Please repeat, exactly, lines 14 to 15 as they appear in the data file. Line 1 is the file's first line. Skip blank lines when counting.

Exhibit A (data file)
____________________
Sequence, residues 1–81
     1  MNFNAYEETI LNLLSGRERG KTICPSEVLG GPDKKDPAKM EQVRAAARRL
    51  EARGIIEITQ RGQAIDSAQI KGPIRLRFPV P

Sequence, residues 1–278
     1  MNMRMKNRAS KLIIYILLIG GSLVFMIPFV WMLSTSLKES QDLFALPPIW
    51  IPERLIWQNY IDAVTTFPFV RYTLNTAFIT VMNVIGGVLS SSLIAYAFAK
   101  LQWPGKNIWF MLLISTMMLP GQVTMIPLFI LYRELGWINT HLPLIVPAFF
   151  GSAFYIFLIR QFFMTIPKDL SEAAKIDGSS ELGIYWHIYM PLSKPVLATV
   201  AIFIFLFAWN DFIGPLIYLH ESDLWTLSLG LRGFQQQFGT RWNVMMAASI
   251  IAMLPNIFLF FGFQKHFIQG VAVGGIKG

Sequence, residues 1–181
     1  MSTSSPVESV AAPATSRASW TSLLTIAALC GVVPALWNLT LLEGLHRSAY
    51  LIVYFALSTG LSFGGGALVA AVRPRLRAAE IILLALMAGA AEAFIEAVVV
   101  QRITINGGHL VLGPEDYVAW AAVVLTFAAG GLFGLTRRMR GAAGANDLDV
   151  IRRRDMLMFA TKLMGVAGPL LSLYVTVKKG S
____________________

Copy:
   101  QRITINGGHL VLGPEDYVAW AAVVLTFAAG GLFGLTRRMR GAAGANDLDV
   151  IRRRDMLMFA TKLMGVAGPL LSLYVTVKKG S